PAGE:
CABLE PROBLEM DELAYS ANTARES LAUNCH

By  //  April 18, 2013

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Blast Off Now Set For Friday

(VIDEO: ThunderAerospace)

BREVARD COUNTY • KENNEDY SPACE CENTER, FLORIDA – Those awaiting the first launch of the new Antares rocket by Orbital Sciences Corp. will have to stand by for a few more days.

The maiden flight of the Antares rocket of Orbital Sciences Corp. is now scheduled to blast off from a NASA facility in Virginia on Friday. (Image courtesy of Orbital Sciences Corp.)

The maiden flight of the Antares rocket of Orbital Sciences Corp. is now scheduled to blast off from a NASA facility in Virginia on Friday. (Image courtesy of Orbital Sciences Corp.)

Orbital Sciences called an abort of the launch from NASA’s Wallops Flight Test Facility in Virginia on Wednesday afternoon when a data cable broke free from the rocket’s second stage 12 minutes before its scheduled liftoff.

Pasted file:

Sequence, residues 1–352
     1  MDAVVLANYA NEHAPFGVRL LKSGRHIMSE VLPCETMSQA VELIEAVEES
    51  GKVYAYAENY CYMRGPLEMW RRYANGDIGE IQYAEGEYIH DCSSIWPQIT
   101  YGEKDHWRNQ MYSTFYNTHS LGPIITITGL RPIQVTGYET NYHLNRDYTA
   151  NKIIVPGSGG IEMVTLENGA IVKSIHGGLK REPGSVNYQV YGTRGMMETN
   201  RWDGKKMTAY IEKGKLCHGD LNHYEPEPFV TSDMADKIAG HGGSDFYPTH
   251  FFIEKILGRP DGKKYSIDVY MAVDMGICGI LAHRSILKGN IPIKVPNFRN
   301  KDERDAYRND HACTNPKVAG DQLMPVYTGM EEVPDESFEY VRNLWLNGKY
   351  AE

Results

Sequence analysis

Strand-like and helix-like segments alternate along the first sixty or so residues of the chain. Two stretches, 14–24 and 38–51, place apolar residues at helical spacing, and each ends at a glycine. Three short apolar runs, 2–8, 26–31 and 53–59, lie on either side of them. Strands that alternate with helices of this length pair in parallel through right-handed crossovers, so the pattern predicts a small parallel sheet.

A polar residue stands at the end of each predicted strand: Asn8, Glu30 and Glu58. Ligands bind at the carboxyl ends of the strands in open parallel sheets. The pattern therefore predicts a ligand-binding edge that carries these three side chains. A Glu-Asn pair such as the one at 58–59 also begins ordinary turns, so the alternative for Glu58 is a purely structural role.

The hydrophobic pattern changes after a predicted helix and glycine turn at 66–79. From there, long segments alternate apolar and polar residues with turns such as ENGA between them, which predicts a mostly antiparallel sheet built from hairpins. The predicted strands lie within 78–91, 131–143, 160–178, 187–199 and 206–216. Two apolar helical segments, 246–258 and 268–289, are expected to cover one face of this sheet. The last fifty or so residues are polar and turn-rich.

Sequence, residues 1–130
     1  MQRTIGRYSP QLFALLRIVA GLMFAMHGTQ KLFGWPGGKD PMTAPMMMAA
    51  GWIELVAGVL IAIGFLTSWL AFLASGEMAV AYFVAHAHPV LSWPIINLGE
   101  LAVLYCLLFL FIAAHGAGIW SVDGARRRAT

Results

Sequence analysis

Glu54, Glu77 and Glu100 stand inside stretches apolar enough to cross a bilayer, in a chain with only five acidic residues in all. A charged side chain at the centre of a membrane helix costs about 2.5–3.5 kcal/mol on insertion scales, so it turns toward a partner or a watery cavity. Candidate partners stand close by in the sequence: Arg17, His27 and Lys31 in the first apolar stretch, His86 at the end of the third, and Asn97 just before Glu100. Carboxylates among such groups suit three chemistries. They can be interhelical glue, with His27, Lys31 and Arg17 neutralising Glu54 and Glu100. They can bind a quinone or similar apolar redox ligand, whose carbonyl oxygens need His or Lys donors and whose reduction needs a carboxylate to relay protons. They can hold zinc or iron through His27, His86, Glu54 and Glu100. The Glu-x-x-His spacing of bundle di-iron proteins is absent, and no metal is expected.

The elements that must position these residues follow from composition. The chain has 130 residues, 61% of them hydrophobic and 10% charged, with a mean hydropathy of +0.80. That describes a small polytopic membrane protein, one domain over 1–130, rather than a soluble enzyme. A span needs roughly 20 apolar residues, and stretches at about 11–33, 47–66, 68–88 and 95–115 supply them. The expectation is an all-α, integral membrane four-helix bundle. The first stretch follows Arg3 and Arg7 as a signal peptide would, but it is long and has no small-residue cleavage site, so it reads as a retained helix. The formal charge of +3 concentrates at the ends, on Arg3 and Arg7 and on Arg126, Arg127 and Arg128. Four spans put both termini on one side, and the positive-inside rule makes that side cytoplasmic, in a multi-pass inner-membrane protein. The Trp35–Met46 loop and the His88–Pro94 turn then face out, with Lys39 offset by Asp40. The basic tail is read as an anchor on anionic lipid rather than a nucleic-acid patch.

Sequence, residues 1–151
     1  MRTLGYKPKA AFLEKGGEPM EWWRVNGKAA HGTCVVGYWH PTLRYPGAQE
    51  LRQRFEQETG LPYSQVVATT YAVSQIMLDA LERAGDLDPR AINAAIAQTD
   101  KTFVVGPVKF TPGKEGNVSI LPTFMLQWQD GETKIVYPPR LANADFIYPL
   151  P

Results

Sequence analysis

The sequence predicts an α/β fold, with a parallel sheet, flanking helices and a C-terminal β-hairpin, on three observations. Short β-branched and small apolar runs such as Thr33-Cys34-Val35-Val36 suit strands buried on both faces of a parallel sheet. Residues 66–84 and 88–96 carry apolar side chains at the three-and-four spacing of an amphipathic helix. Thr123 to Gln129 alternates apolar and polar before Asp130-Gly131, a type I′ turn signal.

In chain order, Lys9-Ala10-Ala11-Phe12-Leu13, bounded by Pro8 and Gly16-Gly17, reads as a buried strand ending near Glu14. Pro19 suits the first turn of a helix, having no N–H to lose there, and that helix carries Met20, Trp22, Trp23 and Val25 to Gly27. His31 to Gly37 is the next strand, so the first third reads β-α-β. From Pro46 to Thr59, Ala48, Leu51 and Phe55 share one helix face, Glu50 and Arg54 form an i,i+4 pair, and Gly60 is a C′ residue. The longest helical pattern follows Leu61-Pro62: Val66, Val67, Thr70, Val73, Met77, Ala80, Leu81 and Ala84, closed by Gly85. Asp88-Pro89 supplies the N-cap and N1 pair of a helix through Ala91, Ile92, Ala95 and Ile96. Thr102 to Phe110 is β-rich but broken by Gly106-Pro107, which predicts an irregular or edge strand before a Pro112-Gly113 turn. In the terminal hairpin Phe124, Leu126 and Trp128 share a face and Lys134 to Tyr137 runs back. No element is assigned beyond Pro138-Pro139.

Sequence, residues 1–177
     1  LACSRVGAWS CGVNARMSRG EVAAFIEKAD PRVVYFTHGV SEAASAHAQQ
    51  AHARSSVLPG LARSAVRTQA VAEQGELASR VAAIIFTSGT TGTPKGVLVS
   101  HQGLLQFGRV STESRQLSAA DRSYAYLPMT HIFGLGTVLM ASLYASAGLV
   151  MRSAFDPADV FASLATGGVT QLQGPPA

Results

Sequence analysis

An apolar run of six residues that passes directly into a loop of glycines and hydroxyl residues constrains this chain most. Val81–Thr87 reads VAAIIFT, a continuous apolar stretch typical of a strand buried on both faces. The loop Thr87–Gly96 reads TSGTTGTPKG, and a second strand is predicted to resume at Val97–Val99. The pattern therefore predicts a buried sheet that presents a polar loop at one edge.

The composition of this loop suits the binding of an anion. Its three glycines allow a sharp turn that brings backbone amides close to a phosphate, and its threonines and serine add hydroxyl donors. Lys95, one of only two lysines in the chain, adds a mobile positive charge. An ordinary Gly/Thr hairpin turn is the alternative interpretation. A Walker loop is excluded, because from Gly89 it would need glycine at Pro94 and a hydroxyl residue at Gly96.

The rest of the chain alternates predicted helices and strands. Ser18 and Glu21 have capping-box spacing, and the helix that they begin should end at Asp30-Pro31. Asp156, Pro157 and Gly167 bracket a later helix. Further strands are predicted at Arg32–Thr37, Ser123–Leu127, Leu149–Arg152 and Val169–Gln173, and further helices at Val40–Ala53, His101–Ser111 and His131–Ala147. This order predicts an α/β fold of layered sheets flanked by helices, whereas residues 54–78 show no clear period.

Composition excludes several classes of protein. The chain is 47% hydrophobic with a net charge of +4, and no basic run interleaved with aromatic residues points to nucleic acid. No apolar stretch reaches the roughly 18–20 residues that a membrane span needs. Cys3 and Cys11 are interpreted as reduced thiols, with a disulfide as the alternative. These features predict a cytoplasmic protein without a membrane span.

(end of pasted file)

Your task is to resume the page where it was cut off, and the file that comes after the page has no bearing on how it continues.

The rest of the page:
“We are still examining all of the data, but it appears that the issue is fairly straightforward,” Frank Culbertson, Orbital’s executive vice president and mission director for the test flight, said in a press release. “With this being the first launch of the new system from a new launch facility we have taken prudent steps to ensure a safe and successful outcome. Today, our scrub procedures were exercised and worked as planned.  We are looking forward to a successful launch on Friday.”

Orbital Sciences is now hoping to launch Antares at 5 p.m. Friday.

Culbertson said the launch could potentially be witnessed by millions of people.

“It’s going to be the biggest and loudest and brightest thing that ever launched from Wallops, I believe, so it’ll be visible up and down the coast,” he said.

This first Antares launch is to ensure the rocket is capable of achieving orbit and to test thrusters that will allow an Orbital Sciences spacecraft to eventually carry cargo to the International Space Station.

NASA has a $1.9 billion agreement with Orbital Sciences to launch eight unmanned supply missions using Antares and the company’s robotic Cygnus spacecraft. Cygnus and Antares could be launched together on a demonstration mission to the ISS in early June, according to Culbertson.


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